Linked by Kroc Camen on Thu 5th Nov 2009 21:05 UTC
Talk, Rumors, X Versus Y There's no right way to do it, only ideas that are better than others in certain situations. But if you had the opportunity to head up the design of a new OS, one to Put Things Right, one that could be radical enough to varnish out those UI/X bumps that have clung on for years, but practical enough to be used every day, what would you design? How would you handle application management? What about file types and compatibility? Where would you cherry pick the best bits from other OSes and where would you throw away tradition? I've tackled this challenge for myself and present (an unfinished idea): KrocOS (warning: HTML5 site, will display without CSS in IE/older browsers). OSnews Asks: What would make your perfect OS?
Thread beginning with comment 393066
To read all comments associated with this story, please click here.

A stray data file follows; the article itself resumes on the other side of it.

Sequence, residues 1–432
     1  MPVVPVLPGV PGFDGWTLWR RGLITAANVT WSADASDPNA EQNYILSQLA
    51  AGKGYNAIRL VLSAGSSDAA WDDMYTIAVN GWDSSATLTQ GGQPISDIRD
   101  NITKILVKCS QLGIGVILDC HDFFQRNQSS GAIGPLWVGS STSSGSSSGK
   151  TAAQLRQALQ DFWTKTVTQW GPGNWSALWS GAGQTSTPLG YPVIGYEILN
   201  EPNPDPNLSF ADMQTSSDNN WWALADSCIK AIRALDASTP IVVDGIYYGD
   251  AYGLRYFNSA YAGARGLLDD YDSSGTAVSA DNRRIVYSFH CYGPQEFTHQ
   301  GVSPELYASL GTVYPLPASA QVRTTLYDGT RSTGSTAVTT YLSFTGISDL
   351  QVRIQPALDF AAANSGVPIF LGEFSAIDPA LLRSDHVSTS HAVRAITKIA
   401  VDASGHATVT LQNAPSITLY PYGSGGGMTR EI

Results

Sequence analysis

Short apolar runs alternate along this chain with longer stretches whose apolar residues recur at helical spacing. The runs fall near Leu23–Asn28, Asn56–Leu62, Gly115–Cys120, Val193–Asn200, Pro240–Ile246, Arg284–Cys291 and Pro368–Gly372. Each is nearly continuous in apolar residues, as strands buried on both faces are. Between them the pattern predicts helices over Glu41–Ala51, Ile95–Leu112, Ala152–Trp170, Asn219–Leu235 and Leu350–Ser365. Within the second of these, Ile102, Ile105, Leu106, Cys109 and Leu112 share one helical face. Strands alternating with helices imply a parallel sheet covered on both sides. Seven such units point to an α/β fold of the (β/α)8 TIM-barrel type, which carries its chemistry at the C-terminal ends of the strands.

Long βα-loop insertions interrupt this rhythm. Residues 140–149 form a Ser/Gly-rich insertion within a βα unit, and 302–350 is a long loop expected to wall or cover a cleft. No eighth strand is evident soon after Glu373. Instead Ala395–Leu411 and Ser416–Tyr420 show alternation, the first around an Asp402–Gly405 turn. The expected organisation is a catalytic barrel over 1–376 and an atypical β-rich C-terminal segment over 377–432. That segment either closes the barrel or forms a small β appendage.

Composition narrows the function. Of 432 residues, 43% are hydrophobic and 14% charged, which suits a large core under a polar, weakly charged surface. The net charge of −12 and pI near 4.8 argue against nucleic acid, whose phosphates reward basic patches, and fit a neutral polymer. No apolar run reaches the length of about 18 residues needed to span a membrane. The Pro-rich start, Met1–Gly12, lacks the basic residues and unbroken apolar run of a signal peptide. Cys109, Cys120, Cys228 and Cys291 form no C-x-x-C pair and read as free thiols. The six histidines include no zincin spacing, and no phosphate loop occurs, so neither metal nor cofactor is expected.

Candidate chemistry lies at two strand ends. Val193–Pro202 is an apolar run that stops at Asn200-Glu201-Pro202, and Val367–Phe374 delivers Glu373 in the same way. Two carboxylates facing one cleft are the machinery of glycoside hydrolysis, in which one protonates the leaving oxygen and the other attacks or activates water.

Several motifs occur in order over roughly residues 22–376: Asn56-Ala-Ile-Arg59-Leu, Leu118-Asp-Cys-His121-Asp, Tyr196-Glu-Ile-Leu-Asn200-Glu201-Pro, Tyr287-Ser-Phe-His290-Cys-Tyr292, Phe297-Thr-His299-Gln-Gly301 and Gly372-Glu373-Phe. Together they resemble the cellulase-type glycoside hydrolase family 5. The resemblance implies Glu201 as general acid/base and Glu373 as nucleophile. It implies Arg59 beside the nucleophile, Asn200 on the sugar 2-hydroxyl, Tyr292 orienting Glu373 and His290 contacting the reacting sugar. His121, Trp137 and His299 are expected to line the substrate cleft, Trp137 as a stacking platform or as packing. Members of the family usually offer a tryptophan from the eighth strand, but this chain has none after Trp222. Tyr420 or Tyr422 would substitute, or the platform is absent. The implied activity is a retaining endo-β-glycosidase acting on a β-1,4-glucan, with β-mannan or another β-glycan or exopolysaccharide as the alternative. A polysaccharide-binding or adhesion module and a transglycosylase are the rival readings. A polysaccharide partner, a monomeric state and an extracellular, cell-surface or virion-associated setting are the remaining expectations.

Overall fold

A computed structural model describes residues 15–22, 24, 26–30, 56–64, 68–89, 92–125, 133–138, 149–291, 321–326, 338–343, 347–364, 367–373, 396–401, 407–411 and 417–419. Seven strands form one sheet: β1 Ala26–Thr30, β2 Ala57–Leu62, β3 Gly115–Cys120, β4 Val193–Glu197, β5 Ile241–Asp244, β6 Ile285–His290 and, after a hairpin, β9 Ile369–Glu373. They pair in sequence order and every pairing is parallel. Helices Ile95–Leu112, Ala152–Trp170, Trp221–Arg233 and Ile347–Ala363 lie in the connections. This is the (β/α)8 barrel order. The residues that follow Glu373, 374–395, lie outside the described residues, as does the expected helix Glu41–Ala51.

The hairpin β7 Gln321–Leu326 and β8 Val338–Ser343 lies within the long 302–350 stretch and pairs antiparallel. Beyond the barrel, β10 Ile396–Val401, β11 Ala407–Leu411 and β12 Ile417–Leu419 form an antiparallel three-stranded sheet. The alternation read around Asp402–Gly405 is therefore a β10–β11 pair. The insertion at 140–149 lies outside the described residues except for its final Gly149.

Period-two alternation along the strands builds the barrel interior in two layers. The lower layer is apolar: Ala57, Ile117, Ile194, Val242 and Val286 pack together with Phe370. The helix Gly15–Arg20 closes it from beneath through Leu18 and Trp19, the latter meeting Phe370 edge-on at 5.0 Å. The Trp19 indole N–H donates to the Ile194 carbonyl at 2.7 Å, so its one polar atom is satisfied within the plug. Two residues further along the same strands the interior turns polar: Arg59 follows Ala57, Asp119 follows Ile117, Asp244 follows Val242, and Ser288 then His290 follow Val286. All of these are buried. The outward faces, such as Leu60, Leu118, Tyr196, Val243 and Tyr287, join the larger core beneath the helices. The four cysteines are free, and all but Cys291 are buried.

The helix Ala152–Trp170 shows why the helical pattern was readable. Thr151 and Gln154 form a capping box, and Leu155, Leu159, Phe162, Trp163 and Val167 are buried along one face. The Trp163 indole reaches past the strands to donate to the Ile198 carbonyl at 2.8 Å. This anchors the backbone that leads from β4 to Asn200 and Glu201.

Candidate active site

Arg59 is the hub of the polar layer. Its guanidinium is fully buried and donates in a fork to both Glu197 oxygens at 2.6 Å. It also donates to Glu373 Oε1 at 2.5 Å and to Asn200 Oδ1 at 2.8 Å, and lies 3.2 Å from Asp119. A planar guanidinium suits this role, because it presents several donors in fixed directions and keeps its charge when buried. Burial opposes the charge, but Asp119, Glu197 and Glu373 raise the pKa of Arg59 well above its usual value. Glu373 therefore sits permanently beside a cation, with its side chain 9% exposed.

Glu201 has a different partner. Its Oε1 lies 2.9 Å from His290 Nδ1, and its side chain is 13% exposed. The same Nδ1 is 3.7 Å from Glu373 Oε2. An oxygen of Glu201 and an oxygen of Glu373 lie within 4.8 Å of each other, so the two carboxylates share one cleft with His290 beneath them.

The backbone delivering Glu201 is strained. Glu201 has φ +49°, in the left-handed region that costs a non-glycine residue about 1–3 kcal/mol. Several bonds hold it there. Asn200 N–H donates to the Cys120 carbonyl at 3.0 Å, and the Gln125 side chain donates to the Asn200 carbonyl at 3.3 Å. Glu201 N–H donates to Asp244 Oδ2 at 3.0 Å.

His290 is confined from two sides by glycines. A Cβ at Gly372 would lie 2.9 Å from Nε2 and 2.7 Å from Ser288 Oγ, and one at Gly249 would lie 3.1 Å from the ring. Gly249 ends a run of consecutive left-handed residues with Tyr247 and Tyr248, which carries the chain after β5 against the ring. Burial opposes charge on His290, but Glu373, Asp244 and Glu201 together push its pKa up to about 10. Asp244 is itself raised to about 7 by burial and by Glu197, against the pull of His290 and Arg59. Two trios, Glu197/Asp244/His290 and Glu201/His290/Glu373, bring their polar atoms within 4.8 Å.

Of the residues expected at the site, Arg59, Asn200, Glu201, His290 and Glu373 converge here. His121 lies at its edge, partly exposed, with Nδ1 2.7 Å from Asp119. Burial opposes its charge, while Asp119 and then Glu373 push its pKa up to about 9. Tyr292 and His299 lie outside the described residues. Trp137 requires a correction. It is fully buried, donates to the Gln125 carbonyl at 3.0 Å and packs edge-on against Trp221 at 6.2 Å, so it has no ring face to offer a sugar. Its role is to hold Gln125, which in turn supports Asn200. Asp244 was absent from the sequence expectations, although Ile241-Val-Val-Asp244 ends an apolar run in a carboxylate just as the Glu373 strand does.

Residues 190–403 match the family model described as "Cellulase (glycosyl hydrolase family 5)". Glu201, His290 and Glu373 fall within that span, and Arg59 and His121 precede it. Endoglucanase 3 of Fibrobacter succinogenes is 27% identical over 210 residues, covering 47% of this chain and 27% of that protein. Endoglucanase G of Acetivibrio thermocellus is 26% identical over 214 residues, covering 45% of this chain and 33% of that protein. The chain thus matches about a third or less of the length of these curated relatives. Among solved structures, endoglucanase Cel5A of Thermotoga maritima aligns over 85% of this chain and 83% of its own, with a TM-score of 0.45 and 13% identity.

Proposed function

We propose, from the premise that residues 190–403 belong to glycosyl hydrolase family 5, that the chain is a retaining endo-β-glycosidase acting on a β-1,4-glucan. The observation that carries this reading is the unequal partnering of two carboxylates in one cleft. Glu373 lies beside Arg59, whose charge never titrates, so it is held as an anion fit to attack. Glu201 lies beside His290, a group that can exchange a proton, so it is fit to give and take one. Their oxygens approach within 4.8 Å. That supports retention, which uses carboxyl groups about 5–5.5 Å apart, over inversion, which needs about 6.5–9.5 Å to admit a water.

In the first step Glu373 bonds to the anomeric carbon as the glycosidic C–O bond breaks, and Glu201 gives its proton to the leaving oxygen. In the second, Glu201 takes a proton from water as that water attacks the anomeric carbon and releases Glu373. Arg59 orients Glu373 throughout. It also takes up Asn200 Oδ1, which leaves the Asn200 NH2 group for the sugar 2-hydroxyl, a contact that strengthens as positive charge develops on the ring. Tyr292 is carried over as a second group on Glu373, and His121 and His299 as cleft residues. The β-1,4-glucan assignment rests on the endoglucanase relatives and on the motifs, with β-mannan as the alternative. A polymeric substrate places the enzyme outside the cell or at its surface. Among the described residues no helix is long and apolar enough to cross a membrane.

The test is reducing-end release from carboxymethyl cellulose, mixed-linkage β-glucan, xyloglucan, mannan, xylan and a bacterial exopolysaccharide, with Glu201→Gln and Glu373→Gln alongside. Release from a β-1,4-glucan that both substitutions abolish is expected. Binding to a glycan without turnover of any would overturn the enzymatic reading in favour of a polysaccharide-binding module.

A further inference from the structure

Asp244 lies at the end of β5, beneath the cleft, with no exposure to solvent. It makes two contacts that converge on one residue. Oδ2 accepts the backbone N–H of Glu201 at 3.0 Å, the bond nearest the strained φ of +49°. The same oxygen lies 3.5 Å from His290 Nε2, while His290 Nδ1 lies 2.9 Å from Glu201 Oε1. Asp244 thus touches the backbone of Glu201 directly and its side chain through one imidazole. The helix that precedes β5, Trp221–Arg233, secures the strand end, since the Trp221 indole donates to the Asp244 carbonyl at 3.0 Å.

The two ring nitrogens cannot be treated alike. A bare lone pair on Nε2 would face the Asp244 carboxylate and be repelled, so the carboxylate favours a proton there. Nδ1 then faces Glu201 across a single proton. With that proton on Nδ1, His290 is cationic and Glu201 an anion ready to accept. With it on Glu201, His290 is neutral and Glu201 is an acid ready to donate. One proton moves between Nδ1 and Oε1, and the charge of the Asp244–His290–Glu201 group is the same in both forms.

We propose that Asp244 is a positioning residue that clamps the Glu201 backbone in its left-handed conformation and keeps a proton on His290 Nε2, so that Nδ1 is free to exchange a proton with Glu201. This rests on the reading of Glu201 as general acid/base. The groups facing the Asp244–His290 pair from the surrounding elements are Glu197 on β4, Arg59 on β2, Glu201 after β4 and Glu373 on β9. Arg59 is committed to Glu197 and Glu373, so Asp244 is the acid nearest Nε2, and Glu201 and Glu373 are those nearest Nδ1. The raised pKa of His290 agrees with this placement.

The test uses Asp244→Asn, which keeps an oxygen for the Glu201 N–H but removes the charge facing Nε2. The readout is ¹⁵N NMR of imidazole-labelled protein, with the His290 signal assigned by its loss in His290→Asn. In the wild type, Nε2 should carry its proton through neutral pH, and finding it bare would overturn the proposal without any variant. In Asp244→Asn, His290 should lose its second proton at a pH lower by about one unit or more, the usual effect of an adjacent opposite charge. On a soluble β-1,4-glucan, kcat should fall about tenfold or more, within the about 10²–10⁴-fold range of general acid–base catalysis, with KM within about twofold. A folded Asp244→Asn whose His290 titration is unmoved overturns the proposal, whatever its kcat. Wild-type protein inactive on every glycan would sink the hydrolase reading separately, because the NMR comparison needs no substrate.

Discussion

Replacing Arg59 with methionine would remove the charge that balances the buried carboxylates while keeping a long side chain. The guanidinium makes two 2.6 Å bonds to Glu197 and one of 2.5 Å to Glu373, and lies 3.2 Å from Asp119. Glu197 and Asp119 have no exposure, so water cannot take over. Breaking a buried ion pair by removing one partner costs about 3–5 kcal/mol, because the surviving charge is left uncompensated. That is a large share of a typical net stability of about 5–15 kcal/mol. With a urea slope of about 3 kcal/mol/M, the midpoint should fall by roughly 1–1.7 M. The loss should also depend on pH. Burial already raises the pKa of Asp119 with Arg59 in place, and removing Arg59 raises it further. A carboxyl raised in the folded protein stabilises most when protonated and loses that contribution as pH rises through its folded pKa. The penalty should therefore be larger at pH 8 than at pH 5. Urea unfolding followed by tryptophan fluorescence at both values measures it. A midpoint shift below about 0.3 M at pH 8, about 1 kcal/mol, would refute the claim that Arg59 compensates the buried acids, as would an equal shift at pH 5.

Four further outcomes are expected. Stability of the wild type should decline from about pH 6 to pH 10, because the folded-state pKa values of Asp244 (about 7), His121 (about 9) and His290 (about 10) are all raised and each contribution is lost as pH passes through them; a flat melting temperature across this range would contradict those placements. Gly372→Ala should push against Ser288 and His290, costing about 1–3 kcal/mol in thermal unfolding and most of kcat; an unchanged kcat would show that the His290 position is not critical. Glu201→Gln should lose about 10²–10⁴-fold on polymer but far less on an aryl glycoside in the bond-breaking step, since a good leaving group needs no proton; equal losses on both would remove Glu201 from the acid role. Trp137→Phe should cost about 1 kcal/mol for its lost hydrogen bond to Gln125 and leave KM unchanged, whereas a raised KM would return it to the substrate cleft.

Some good ideas
by Zifre on Thu 5th Nov 2009 22:12 UTC
Zifre
Member since:
2009-10-04

I like many of the ideas, especially 'no-brands', and making applications file-management based.

Some of these things are possible to do right now. For example, on my Ubuntu installation I never open programs, only files (with the exception of Chrome and Calculator, since they are not file based).

Rather than using File/Open, I find the file with the file manager and open it.

Instead of opening, for example, OpenOffice.org Word Processor to create a new document, I navigate the folder where I want the document created and create it using a template called "ODF Text Document" stored in ~/Templates.

For window management, I would love to see an easy to use tiling window manager: Each screen would be divided into two columns. Each column would be divided vertically into any number of frames. Each frame would have tabs that would contain windows. There would no necessary keyboard shortcuts (although they would still exist). The user could select an active column or frame that new windows would appear in. Applications could integrate with the window manager so that for example, a web browser would use the window manager's tabs, rather than having its own.

Edited 2009-11-05 22:13 UTC

Reply Score: 1